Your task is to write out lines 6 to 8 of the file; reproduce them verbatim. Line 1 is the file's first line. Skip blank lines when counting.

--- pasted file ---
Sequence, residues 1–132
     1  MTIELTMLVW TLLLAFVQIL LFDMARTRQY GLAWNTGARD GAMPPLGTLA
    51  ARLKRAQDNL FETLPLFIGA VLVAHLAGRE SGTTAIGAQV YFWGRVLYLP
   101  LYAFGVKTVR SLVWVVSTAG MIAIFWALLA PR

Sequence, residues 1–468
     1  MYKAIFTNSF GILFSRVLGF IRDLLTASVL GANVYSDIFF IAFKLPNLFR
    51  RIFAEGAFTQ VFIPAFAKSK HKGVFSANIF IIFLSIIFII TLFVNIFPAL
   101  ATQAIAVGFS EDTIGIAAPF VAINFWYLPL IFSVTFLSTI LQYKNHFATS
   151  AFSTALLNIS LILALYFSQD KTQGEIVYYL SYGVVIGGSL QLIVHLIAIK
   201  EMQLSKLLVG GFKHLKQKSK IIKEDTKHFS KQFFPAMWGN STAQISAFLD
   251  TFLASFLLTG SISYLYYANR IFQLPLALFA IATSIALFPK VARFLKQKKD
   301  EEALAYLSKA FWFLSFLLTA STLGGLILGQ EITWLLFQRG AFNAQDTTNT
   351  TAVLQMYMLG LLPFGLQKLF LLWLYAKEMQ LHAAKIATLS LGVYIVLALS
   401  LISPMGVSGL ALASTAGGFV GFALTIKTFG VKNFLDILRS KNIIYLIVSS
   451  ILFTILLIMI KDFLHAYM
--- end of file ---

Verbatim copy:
     1  MYKAIFTNSF GILFSRVLGF IRDLLTASVL GANVYSDIFF IAFKLPNLFR
    51  RIFAEGAFTQ VFIPAFAKSK HKGVFSANIF IIFLSIIFII TLFVNIFPAL
   101  ATQAIAVGFS EDTIGIAAPF VAINFWYLPL IFSVTFLSTI LQYKNHFATS